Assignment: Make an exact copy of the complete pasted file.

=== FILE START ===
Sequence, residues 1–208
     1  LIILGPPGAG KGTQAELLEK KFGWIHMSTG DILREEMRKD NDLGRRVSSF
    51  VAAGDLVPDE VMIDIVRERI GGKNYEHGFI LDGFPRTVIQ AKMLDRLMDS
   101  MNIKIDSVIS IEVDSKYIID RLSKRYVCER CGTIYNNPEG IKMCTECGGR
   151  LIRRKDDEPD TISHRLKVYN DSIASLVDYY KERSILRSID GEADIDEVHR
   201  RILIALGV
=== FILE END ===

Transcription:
Sequence, residues 1–208
     1  LIILGPPGAG KGTQAELLEK KFGWIHMSTG DILREEMRKD NDLGRRVSSF
    51  VAAGDLVPDE VMIDIVRERI GGKNYEHGFI LDGFPRTVIQ AKMLDRLMDS
   101  MNIKIDSVIS IEVDSKYIID RLSKRYVCER CGTIYNNPEG IKMCTECGGR
   151  LIRRKDDEPD TISHRLKVYN DSIASLVDYY KERSILRSID GEADIDEVHR
   201  RILIALGV